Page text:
Kids. Candy. Dressing up as your favourite character. There’s simply so much to love about Halloween. But for kids with disabilities, Halloween can pose some unique challenges.
My six-year-old daughter has cerebral palsy and uses a wheelchair, which makes climbing the steps at each house impossible. Kids who are non-verbal can’t say “trick-or-treat” or “thank you.” For those who have sensory issues or severe anxiety, the unpredictability of the evening can take it’s toll. The list goes on.
It can feel daunting to figure out what to do to make sure kids of all abilities can enjoy the holiday. But there are a few easy things you can do to help make Halloween friendlier for kids of all abilities.
1. Take it down the stairs.
If your house has steps, set up a lawn chair at the bottom of the stairs (or in your garage if it’s cold!). That way kids who use wheelchairs or have a tough time with the stairs can still say trick or treat.
2. Consider non-edible treat options.
Some kids with special needs can’t eat by mouth and use feeding tubes. Others may have sensory issues with food or be on strictly controlled diets for health reasons. It is helpful to have a bucket of non-edible goodies for kids this. Bubbles, Playdoh, pencils, notepads and stamps are all inexpensive options that most kids would love!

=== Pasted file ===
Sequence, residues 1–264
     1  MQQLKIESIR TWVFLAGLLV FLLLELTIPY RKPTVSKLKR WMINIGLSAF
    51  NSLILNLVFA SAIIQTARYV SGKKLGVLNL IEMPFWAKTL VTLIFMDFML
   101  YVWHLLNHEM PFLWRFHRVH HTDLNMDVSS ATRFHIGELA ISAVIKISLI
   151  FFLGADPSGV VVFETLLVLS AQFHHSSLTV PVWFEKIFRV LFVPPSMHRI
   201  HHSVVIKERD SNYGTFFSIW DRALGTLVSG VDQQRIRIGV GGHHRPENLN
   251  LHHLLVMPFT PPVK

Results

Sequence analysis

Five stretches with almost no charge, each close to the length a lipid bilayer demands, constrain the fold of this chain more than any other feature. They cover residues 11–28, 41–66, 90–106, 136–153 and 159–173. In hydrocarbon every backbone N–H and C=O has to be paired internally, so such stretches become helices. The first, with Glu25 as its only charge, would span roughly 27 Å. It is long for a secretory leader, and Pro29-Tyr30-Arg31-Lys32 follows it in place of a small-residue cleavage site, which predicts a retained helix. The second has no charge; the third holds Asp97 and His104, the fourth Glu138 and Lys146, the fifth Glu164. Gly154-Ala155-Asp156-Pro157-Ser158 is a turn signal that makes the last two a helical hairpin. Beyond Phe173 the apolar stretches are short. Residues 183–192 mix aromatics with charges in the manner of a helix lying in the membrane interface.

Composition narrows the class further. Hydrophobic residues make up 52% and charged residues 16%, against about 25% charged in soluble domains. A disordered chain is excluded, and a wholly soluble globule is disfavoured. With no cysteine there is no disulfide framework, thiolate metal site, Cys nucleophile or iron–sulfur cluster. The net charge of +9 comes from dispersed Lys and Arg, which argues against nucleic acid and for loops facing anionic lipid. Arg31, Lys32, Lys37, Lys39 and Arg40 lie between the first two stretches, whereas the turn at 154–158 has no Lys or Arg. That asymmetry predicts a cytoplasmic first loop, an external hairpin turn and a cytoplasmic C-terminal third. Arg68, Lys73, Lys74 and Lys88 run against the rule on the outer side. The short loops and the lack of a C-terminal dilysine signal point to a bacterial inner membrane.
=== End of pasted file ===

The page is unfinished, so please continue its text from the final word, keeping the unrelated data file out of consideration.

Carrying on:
If you’re feeling particularly festive, participate in the Teal Pumpkin Project to show that you have non-edible treats to give out.
3. Don’t insist kids say "trick-or-treat."
Some kids with disabilities can’t talk. Others, like my daughter, require an extra moment to process before they speak or respond. Instead of insisting that all kids say trick-or-treat and unintentionally singling out a child with challenges, just make a lovely comment about wonderful costumes.
4. Be patient.
I know it’s cold, or rainy or even snowy, but please be patient. Often my daughter will want to reach out to get the candy or say thank you, but it takes her an extra minute. A lot of kids with special needs need an extra moment or two to fully participate.
5. Say "hi" to the parents.
Warm, friendly neighbours automatically help create a feeling that we are part of communities that are welcoming and inclusive. A few friendly words can go a long way.
6. Don’t single out kids with disabilities.
You might admire a child who is struggling to walk up the stairs get to the top, but try not to single them out for this. It’s totally fine to tell them they did a great job, but be sure to say something about their costume, the loot they are collecting or anything that doesn’t have to do with their disability.
This one is easy. But a simple smile can go a long way to making anyone and everyone feel included. And if the parents look like they are having a tough time, a smile makes them realize that you get it and that they are part of a supportive community. That’s a feeling that lasts well past the one-day spooktacular event.